I AM AFRAID THAT prayer is really not for the wise. The wise avoid it on two bases, at least two. In the first place, if there really is a God who has this power to heal, to make whole, then it is wise to be very cautious indeed because if you go to him for healing, healing may be exactly what you will receive, and are you entirely sure that you want to be healed? By all accounts, after all, the process is not necessarily either quick or easy. And in the meanwhile, things could be a great deal worse. "Lord, take my sin from me—but not yet," Saint Augustine is said to have prayed. It is a wise man who bewares of God bearing gifts. In the second place, the wise look at twentieth-century man—civilized, rational, and at great cost emancipated from the dark superstitions of the past—and suggest that to petition some unseen power for special favors is a very childish procedure indeed.
In a way, "childish" is the very word to describe it. A child has not made up his mind yet about what is and what is not possible. He has no fixed preconceptions about what reality is; and if someone tells him that the mossy place under the lilac bush is a magic place, he may wait until he thinks that no one is watching him, but then he will very probably crawl in under the lilac bush to see for himself. A child also knows how to accept a gift. He does not worry about losing his dignity or becoming indebted if he accepts it. His conscience does not bother him because the gift is free and he has not earned it and therefore really has no right to it. He just takes it, with joy. In fact, if it is something that he wants very much, he may even ask for it. And lastly, a child knows how to trust. It is late at night and very dark and there is the sound of sirens as his father wakes him. He does not explain anything but just takes him by the hand and gets him up, and the child is scared out of his wits and has no idea what is going on, but he takes his father's hand anyway and lets his father lead him wherever he chooses into the darkness.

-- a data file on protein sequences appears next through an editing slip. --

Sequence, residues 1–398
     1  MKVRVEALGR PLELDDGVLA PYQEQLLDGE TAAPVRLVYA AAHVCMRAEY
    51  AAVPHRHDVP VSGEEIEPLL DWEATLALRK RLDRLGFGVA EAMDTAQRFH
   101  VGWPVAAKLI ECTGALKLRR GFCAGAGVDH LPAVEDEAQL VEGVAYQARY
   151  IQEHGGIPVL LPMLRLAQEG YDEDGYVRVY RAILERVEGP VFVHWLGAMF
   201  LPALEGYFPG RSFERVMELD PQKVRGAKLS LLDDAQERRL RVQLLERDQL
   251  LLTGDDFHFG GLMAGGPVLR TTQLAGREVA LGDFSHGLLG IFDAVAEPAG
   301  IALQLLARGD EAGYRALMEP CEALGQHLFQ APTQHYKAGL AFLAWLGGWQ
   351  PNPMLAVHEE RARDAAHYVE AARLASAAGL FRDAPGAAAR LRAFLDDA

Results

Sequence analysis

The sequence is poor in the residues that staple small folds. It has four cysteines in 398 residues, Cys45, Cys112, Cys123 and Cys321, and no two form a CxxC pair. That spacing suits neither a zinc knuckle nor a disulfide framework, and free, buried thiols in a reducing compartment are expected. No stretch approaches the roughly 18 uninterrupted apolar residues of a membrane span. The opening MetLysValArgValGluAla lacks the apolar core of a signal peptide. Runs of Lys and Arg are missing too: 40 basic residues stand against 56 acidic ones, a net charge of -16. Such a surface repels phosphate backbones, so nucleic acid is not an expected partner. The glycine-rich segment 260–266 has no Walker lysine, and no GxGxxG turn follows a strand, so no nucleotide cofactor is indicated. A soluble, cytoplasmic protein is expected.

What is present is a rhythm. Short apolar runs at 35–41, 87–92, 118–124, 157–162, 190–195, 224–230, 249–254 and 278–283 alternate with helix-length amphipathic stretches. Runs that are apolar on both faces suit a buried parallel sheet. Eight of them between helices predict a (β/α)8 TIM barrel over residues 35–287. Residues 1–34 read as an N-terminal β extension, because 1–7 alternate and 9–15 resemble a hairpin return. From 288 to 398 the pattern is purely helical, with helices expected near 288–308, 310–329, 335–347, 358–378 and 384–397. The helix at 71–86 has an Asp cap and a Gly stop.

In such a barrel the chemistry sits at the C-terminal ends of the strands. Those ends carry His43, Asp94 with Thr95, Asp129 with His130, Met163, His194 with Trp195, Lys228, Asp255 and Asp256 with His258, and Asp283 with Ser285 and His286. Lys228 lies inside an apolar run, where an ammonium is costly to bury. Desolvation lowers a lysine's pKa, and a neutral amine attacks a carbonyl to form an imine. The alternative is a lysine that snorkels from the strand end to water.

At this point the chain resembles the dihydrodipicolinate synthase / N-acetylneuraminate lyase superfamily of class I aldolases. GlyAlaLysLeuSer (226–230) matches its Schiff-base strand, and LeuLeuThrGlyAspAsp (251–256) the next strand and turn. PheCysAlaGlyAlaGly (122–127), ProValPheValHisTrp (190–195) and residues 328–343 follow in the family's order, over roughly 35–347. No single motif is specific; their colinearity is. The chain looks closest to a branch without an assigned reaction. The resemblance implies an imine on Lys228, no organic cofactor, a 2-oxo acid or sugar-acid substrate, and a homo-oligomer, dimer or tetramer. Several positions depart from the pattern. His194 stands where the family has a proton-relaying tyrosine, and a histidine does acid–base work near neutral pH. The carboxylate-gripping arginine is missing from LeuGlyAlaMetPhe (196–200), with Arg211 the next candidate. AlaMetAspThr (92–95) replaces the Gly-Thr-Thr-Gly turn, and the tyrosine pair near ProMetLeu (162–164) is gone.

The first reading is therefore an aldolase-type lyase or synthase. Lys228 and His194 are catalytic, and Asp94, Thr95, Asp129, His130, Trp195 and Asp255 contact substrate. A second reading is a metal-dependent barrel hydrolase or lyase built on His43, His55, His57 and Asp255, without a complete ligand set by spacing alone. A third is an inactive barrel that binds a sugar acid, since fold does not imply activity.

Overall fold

In honesty you have to admit to a wise man that prayer is not for the wise, not for the prudent, not for the sophisticated. Instead it is for those who recognize that in face of their deepest needs, all their wisdom is quite helpless. It is for those who are willing to persist in doing something that is both childish and crucial.
- Originally published in The Magnificent Defeat